The so-called â€œright to be forgottenâ€, now compressed to RTBF, is climbing back up the news agenda. It all stems, you will recall, from a landmark decision by theÂ European court of justice mandating that European citizens had a right to demand that links to online material about them that was deemed to be misleading or inaccurate should not appear in GoogleÂ search results. The judgment came as a surprise to most of us and asÂ a really big shock to Google. But overÂ the past year, the company has found a way of complying with the judgment â€“ by setting up a process for handling requests for delisting and deleting successful applications from search results in all of its European search engines.
Leave aside for a moment the fact that RTBF is not a right to be â€œforgottenâ€, because the material in question still remains online. Itâ€™s actually a right not to be found by Google. But since most people in Europe use their local version of the companyâ€™s search engine (for example,Â google.co.uk or google.fr), andÂ since Google had devised an efficient system for processing requests, it looked as though a pragmatic solution to a thorny problem had evolved.
That thorny problem is the disjunction between local laws and a global network. Although Google is an American company, it had no option but to comply with the ECJ ruling because it trades with â€“ and has assets in â€“ all the countries in the European Union. But because it is based in the US, it also has to obey the laws of that particular land. And in the US, the first amendment to the constitution means that people take a very dim view of any interference with free speech. Sanitising Google search results to comply with the rulings of a foreign court would certainly be perceived as such an interference. So while RTBF links are removed from, say, google.fr, they remain visible on search results from Google.com, which is easily accessible from any EuropeanÂ country.
It turns out that some of Europeâ€™s data protection regulators are not amused by this. On 12 June, the French regulator, the CNIL, served Google with a formal notice stating that â€œthe CNIL considers that in order to be effective, delisting must be carried out on all extensions of the search engine and that the service provided by Google search constitutes a single processing. In this context, the president of the CNIL has put Google on notice to proceed, within a period of fifteen (15) days, to the requested delisting on the whole data processing and thus on all extensions of the search engine.â€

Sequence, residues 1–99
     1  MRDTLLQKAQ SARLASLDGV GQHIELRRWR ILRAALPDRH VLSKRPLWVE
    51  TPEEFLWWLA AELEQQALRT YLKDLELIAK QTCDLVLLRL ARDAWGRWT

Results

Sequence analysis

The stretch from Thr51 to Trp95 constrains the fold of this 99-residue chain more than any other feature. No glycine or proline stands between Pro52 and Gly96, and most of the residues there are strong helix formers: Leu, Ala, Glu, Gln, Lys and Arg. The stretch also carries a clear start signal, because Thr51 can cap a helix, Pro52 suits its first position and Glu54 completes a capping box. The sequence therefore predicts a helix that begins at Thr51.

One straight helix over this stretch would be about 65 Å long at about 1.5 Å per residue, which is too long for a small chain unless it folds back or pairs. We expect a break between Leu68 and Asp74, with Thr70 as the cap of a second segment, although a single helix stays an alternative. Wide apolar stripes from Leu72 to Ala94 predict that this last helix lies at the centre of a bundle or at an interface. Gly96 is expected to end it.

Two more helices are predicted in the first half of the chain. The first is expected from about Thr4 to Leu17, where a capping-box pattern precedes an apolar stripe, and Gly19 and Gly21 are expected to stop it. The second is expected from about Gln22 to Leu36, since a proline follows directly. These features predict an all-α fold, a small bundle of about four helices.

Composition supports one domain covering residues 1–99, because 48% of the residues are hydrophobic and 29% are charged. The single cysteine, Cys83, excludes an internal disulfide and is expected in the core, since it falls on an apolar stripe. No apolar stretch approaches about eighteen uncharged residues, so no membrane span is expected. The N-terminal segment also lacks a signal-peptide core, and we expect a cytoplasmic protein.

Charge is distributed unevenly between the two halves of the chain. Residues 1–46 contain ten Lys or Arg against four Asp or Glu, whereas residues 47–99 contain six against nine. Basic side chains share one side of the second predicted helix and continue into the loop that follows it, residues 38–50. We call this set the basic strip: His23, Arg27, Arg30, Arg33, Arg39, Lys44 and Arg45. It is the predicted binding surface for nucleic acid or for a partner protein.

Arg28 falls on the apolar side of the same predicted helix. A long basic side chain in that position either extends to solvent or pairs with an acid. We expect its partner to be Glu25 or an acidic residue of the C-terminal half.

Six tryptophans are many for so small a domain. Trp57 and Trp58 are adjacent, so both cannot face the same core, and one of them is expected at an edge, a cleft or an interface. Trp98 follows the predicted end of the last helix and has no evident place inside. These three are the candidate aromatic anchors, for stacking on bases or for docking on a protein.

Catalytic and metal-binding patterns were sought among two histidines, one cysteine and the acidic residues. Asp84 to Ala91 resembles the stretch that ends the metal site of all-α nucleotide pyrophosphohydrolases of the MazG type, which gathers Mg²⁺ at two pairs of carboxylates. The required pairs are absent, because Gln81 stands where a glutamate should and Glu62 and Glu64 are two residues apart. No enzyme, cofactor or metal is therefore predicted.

Peter Fleischer, Googleâ€™s global privacy counsel, is understandably rattled by the extraterritorial pretensions of the French. â€œWhile the right to be forgotten may now be the law in Europe,â€ he writes in a blog post,Â â€œit is not the law globally. Moreover, there are innumerable examples around the world where content that is declared illegal under the laws of one country would be deemed legal in others: Thailand criminalises some speech that is critical of its king, Turkey criminalisesÂ some speech that is critical of AtatÃ¼rk, andÂ Russia outlawsÂ some speech thatÂ is deemedÂ toÂ be â€˜gay propagandaâ€™. If theÂ CNILâ€™s proposed approach wereÂ to be embraced as the standard for internetÂ regulation, we would findÂ ourselves in a race to the bottom.Â In theÂ end, the internet wouldÂ only beÂ asÂ free as the worldâ€™s least free place.â€
Mr Fleischer is right. The logical consequences of the French demands are absurd. As Jonathan Zittrain, the Harvard law professor, puts it: â€œFrance is asking for Google to do something here in the US that if the US government asked for, it would be against the first amendment.â€ The French regulatorâ€™s order, if enacted, would â€œprevent Americans using an American search engine from seeing content that is legal in the United Statesâ€.
Google is contesting the ruling, so I guess we are in for a long legal wrangle. But even if the French regulator eventually does prevail in the European courts, I canâ€™t see any American administration accepting a judgment that so flagrantly contravenes the first amendment. So we will be back to square one â€“ or at any rate to the point at which it first became clear that a global network designed to enable bits to flow effortlessly across territorial boundaries necessitates a new international legal order to regulate it.
How we evolve such an order is a hard question, especially given that the Americans are as keen on extra-territorial powers as the French. But of one thing we can be sure: fighting it out through local courts is not the way to go.